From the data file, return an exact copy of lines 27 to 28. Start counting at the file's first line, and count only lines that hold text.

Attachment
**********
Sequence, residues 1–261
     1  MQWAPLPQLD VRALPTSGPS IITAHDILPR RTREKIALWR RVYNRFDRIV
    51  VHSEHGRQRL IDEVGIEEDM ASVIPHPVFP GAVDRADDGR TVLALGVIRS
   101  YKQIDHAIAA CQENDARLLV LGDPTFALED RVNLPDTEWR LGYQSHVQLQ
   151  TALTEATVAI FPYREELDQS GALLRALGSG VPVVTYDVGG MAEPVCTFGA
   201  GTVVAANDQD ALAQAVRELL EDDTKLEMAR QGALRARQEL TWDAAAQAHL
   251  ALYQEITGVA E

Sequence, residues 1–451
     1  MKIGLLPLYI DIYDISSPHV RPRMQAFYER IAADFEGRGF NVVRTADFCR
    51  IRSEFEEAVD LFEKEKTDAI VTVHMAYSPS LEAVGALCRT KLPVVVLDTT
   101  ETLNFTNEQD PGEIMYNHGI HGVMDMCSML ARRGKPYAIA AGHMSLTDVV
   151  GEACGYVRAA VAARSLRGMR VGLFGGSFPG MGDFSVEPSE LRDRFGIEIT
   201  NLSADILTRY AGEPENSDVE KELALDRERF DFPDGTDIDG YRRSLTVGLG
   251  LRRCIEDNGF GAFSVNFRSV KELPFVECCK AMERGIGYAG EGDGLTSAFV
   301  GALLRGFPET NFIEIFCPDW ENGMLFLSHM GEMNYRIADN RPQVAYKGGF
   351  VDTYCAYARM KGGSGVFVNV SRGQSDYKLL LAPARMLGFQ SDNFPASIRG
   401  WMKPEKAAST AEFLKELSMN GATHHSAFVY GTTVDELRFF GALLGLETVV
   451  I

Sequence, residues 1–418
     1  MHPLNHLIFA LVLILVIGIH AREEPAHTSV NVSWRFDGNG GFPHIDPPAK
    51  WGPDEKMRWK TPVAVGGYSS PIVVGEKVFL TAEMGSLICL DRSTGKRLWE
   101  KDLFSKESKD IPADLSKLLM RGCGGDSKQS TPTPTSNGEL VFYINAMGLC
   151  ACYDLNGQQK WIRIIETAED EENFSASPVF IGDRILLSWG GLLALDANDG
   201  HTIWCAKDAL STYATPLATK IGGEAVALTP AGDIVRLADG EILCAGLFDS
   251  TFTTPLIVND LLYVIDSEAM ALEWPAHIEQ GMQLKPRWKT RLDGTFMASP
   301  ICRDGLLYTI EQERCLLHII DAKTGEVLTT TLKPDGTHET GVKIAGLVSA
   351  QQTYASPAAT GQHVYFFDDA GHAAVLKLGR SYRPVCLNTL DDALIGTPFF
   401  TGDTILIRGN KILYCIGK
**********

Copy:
   351  QQTYASPAAT GQHVYFFDDA GHAAVLKLGR SYRPVCLNTL DDALIGTPFF
   401  TGDTILIRGN KILYCIGK